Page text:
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Re: Coworker with boundary issues-- How should I have handled it?
« Reply #48 on: July 27, 2012, 03:47:42 PM »

OP - instead of answering CW's gay question, you might ask "Do you need more work to do?  I can talk to (supv) - there are several people who could use some help."


This is great--never answer; just reply with a different question. Preferrably one that implies a slight negative judgment, or is sort of unpleasant.

CrazyDaffodilLady

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Re: Coworker with boundary issues-- How should I have handled it?
« Reply #49 on: July 28, 2012, 06:41:18 PM »
"Oh my goodness, what are you working on that you need to know that?"
It takes two people to play tug of war. If you don't want to play, don't pick up the rope.

deety

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Re: Coworker with boundary issues-- How should I have handled it?
« Reply #50 on: July 28, 2012, 07:38:21 PM »

OP - instead of answering CW's gay question, you might ask "Do you need more work to do?  I can talk to (supv) - there are several people who could use some help."

(Message:  I'm not getting involved in your garbage, AND whenever you bother me with such nonsense ;I'll see that you get more work to do.")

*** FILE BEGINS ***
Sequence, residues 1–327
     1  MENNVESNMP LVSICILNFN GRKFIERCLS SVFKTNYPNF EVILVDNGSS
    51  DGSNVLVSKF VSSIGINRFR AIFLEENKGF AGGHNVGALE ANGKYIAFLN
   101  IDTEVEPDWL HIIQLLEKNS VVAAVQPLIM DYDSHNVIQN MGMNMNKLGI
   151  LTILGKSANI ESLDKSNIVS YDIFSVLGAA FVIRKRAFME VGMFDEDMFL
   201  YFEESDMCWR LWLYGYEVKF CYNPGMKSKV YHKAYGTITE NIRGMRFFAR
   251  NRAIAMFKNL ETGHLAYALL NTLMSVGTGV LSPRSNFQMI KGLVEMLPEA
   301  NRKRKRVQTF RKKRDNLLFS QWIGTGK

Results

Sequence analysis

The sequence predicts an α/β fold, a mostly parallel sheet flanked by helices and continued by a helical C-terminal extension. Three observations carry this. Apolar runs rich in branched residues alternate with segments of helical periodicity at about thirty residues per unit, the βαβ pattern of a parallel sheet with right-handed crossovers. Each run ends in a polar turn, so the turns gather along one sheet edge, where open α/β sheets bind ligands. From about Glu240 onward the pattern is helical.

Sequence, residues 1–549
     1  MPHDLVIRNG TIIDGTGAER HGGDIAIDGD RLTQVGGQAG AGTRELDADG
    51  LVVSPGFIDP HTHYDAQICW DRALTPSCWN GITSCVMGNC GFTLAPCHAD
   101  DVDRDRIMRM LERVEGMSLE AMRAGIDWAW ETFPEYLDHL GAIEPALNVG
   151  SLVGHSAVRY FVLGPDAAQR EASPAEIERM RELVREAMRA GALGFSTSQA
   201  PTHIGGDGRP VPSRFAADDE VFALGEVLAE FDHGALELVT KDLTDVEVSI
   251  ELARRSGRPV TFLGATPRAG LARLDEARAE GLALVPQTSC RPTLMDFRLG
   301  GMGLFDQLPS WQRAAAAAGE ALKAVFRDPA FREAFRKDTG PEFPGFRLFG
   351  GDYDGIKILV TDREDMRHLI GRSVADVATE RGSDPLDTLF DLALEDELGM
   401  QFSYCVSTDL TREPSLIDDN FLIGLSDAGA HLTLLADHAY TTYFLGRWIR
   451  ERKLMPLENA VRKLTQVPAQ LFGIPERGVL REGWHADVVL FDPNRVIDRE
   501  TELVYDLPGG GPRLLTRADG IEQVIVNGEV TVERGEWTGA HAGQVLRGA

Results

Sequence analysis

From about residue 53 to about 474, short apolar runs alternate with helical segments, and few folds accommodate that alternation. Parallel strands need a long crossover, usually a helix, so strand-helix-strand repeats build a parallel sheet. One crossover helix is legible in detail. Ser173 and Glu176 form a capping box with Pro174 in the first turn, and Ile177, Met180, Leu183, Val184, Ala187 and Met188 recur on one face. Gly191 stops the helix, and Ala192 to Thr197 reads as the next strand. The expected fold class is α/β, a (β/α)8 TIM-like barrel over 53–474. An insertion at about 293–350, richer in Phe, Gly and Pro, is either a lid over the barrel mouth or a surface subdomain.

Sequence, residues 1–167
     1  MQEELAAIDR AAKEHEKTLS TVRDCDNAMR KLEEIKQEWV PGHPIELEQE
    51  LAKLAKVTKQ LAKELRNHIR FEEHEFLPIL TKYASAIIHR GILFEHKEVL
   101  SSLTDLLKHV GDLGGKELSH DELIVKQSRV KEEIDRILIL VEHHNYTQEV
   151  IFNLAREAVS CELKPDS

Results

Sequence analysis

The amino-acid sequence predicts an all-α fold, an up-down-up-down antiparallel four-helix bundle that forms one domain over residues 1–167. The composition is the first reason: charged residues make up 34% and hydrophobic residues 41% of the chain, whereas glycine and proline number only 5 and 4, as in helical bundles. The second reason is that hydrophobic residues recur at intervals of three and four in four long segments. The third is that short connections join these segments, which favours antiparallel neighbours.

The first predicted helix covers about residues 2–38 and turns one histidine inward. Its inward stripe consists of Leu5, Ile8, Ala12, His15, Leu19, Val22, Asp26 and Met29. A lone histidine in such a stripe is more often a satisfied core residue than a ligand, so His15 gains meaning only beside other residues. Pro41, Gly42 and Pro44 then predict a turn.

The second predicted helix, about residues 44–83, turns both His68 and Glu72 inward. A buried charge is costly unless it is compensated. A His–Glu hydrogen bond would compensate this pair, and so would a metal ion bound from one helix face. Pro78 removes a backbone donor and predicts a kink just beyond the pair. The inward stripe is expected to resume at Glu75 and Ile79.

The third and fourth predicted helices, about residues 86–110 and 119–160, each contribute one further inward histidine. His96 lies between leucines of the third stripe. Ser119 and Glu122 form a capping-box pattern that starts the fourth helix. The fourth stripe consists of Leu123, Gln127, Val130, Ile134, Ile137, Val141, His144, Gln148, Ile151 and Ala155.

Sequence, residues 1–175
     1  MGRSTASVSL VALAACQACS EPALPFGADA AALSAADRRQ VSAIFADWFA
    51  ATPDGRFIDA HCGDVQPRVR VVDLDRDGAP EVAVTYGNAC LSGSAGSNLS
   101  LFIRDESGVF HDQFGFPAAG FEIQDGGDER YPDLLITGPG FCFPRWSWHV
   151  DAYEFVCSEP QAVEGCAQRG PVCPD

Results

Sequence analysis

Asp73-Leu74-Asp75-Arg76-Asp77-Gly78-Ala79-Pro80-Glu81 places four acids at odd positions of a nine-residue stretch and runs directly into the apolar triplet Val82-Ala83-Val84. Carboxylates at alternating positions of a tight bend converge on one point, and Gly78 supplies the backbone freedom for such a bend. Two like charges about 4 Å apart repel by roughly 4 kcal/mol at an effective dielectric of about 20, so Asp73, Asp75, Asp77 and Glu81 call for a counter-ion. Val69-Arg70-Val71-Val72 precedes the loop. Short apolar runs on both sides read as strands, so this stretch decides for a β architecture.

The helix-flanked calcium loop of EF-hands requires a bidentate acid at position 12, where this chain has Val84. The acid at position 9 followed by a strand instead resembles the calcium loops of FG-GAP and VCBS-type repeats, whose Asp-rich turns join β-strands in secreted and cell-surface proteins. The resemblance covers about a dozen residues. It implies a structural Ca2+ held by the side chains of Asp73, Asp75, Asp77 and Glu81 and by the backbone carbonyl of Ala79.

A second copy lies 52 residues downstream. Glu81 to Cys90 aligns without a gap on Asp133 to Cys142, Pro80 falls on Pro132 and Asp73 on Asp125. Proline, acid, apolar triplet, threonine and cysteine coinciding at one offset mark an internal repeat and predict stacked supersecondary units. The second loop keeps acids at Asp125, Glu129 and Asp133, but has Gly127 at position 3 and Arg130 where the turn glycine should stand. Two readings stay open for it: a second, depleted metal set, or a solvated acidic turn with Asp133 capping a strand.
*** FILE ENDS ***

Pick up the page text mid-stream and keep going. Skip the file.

This....  This is staggering *genius*.  I  don't know what else to say.  This would apply to so many different things!  Talk about behaviour-curbing bean dip!

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portabella

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Re: Coworker with boundary issues-- How should I have handled it?
« Reply #51 on: July 28, 2012, 08:07:39 PM »
 ;D ;)

Works best when said with a frown (not a scowl, not a mean look), but appear to be genuinely concerned that CW needs more tasks to fill up her time - and offer to help solve THAT problem.   ;D  8)
The first time someone shows you who they really are, pay attention.

White Dragon

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Re: Coworker with boundary issues-- How should I have handled it?
« Reply #52 on: July 29, 2012, 01:09:49 PM »
This woman's questions are so out of line that I'm sputtering!

I just started a new job two weeks ago and I don't know anything about anyone - and I'm not asking!